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hear, and hear again, a voice which says: “Arise and get thee hence, for this is not thy rest.” And the greater and nobler and more sublime the spirit, the more constant is the discontent. Discontent may come from various causes, so it will not do to assume that the discontented ones are always thé pure in heart, but it is a fact that the wise and excellent have all known the meaning of world-weariness. The more you study and appreciate this life, the more sure you are that this is not all. You pillow your head upon Mother Earth, listen to her heart-throb, and even as your spirit is filled with the love of her, your gladness is half pain and there comes to you a joy that hurts. To look upon the most exalted forms of beauty, such as sunset at sea, the coming of a storm on the prairie, or the sublime majesty of the mountains, begets & sense of sadness, an increasing loneliness. It is not enough to say that man encroaches on man so that we are really deprived of our freedom, that civilization is caused by a bacillus, and that from a natural condition we have gotten into a hurly-burly where rivalry is rife-all this may be true, but beyond and outside of all this there is no physical environment in way of plenty which earth can supply, that will give the tired soul peace. They are the happiest who have the least; and the fable of the stricken king and the shirtless beggar contains the germ of truth. The wise hold all earthly ties very lightly—they are stripping for eternity. World-weariness is only a desire for a better spiritual condition. There is more to be written on this subject of world-pain—to exhaust the theme would require a book. And certain it is that I have no wish to say the final word on any topic. The gentle reader has certain rights, and among these is the privilege of summing up the case. But the fact holds that world-pain is a form of desire. All desires are just, proper and right; and their gratification is the means by which nature supplies us that which we need.
ot only causes us to seek that which we need, but is a form of attraction by which the good is brought to us, just as the amoebæ create a swirl in the waters that brings their food within reach. Every desire in nature has a fixed and definite
purpose in the Divine Economy, and every desire has its proper gratification. If we desire the close friendship of a certain person, it is because that person has certain soul-qualities that we do not possess, and which complement our own. Through desire do we come into possession of our own; by submitting to its beckonings we add cubits to our stature; and we also give out to others our own attributes, without becoming poorer, for soul is not limited. All nature is a symbol of spirit, and so I am forced to believe that somewhere there must be a proper gratification for this mysterious nostalgia of the soul. The Valhalla of the Norseman, the Nirvana of the Hindu, the Heaven of the Christian are natural hopes of beings whose cares and disappointments here are softened by belief that somewhere, Thor, Brahma or God gives compensation. The Eternal Unities require a condition where men and women shall be permitted to love and not to sorrow; where the tyranny of things hated shall not prevail, nor that for which the heart yearns turn to ashes at our touch.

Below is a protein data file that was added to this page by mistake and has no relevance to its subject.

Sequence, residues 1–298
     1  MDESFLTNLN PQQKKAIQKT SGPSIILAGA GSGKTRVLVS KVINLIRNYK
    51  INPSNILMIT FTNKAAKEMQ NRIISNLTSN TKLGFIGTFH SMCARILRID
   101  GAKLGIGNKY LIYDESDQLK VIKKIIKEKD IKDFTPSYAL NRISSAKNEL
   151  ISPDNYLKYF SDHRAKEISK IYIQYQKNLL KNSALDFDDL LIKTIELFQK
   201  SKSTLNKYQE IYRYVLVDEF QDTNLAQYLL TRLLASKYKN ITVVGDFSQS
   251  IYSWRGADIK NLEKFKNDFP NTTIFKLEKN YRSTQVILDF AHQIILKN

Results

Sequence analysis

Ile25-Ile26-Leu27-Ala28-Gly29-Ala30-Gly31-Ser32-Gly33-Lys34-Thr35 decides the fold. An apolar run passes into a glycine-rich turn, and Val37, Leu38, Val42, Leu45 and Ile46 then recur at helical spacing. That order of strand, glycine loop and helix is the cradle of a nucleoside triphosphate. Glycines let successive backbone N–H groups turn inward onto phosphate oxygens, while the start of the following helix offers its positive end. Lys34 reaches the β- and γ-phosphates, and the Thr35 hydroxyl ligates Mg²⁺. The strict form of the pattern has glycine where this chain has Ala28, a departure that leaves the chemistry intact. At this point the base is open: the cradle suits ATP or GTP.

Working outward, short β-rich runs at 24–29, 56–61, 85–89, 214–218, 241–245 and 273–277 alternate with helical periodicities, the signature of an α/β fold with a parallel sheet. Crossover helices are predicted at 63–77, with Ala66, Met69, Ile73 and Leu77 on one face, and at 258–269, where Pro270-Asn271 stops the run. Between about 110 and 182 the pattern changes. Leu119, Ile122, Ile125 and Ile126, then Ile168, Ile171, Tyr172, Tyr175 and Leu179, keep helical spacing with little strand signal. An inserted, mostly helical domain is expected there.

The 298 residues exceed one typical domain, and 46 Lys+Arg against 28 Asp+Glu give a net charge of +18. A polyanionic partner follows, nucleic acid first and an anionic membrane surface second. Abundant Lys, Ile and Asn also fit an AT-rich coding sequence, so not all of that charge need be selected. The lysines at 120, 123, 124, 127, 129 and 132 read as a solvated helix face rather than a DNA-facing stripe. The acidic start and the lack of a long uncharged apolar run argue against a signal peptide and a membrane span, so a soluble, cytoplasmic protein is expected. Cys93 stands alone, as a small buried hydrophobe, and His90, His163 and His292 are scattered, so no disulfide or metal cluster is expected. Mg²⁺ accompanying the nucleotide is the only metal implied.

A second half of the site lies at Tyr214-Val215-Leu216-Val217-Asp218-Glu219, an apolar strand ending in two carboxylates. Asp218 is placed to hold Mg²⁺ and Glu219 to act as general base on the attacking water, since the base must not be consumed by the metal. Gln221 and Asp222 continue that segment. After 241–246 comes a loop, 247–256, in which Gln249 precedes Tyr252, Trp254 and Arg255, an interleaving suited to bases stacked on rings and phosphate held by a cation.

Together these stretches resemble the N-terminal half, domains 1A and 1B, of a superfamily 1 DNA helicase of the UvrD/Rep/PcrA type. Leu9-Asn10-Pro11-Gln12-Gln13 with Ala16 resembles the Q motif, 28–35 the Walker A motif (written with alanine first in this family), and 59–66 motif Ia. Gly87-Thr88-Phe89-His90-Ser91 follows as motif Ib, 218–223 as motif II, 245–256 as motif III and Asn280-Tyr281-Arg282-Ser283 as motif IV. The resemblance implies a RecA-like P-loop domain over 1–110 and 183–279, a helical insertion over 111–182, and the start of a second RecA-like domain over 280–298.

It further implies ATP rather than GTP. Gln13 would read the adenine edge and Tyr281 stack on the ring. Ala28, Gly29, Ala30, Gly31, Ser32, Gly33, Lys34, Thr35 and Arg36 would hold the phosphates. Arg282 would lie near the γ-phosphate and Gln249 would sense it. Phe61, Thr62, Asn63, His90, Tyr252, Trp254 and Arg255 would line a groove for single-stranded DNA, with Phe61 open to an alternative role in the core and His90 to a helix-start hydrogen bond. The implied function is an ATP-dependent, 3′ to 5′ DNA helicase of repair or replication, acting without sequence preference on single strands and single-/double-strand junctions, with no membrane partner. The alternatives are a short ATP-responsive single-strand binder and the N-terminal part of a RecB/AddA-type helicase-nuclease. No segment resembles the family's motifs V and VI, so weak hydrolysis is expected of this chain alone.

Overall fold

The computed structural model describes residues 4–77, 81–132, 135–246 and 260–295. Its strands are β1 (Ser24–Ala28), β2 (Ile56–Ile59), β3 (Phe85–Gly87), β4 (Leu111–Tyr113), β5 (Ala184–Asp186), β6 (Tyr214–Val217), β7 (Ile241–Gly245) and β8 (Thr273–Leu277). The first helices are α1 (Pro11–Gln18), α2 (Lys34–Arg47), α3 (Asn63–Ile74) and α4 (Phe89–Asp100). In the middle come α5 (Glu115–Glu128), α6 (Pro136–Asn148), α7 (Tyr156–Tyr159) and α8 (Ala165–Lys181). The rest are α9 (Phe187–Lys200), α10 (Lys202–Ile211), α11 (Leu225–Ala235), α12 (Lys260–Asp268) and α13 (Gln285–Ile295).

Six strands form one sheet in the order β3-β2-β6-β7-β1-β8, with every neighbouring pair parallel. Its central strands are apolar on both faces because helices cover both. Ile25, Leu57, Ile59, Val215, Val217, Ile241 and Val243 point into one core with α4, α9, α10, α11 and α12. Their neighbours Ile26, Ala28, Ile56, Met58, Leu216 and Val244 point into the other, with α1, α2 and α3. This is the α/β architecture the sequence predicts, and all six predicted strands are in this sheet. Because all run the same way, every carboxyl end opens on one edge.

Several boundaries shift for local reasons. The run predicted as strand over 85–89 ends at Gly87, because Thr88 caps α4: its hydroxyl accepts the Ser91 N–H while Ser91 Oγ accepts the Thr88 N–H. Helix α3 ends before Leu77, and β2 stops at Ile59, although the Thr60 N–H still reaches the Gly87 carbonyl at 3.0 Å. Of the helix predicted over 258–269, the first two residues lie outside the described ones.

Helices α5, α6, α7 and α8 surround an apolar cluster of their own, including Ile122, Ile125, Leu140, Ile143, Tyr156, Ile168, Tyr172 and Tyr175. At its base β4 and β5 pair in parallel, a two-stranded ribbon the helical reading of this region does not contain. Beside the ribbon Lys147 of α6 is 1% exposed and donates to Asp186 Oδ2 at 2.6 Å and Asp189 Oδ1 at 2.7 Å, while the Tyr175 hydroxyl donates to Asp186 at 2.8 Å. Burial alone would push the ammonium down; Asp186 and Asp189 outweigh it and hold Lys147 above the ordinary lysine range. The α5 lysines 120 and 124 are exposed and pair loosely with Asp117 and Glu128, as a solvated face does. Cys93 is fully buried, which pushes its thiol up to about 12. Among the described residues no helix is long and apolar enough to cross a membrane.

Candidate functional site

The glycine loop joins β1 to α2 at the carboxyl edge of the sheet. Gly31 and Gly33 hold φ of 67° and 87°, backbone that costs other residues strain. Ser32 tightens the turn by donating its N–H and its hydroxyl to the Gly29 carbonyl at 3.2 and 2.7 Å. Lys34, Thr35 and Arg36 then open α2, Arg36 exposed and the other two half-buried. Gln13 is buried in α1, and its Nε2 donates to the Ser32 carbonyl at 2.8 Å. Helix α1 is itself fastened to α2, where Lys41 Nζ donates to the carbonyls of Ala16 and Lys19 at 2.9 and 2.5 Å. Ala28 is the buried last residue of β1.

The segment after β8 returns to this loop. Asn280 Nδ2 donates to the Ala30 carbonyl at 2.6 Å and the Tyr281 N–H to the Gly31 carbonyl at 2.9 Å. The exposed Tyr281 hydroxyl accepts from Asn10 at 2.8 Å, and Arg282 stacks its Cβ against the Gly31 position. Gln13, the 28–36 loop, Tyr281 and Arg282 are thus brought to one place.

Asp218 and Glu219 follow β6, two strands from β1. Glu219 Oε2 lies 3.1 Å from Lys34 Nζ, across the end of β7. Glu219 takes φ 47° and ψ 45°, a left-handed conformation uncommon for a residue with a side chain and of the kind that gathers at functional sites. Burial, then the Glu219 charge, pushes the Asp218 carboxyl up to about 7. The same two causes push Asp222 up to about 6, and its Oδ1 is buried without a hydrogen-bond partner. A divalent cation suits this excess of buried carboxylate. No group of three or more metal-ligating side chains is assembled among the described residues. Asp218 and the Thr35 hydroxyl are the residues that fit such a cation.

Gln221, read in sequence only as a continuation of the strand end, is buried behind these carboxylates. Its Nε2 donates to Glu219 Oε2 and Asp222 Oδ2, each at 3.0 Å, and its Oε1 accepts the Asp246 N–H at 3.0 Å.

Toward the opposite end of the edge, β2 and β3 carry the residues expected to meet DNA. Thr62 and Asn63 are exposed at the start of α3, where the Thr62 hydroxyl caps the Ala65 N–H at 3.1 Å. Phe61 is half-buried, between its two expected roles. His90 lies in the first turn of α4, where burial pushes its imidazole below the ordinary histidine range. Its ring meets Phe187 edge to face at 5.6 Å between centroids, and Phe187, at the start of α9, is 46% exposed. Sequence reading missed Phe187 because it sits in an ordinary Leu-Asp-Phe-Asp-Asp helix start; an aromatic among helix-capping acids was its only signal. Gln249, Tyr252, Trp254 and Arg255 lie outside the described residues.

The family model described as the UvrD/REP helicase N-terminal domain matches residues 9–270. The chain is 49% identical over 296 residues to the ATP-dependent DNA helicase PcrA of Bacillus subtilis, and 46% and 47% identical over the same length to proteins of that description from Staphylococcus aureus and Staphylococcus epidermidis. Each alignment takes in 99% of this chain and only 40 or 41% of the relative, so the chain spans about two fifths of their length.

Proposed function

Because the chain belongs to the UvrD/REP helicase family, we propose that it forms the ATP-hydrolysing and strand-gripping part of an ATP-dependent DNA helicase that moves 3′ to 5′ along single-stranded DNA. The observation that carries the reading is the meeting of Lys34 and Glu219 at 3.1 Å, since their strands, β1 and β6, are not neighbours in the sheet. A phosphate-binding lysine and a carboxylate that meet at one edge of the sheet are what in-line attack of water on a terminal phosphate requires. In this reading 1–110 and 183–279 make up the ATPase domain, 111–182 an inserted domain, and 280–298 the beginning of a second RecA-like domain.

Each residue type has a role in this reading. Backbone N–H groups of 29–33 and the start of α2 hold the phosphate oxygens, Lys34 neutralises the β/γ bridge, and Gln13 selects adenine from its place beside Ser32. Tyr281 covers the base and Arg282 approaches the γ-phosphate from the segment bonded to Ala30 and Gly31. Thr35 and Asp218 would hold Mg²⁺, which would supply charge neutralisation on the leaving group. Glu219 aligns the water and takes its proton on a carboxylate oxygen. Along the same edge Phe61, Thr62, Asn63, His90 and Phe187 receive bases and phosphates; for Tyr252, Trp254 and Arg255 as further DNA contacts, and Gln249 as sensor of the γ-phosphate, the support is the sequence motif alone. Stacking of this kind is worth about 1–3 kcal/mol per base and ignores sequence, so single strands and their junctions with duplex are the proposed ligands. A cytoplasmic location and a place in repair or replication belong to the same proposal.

V YHILE this seems true in
the main, I am not sure
the artist needs no religion beyond his work. That is to say, art is religion to the man who thinks beautiful thoughts and expresses them for others the best he can. Religion is an emotional excitement whereby the devotee rises into a state of spiritual sublimity, and for the moment is bathed in an atmosphere of rest, and peace, and love.
5 All normal men and women crave such periods; and Bernard Shaw says that we reach them through strong tea, tobacco, whiskey, opium, love, art or religion. I think Bernard Shaw a cynic, but there is a glimmer of truth in his idea that makes it worth repeating to But beyond the natural religion, which is a passion for oneness with the Whole, all formalized religions engraft the element of fear, and teach the necessity of placating a Supreme Being. Our idea of a Supreme Being is suggested to us by the political government under which we live. The situation was summed up by Carlyle, when he said that Deity to the average British mind was simply an infinite George IV, The thought of God as a terrible Supreme Tyrant first found form in an unlimited monarchy; but as governments have become more lenient so have the gods, until you get them down (or up) to a republic, where God is only a president, and we all approach Him in familiar prayer, on an absolute equality Then soon, for the first time, we find man saying, "I am God, and you are God, and we are all simply particles of Him," and this is where the president is done away with, and the referendum comes in. But the absence of a supreme governing head implies simplicity, honesty, justice, and sincerity vs Wherever plottings, schemings and doubtful methods of life are employed, a ruler is necessary; and there, too, religion, with its idea of placating God has a firm hold. Men whose lives are doubtful feel the need of a strong government and a hot religion. Formal religion and sin go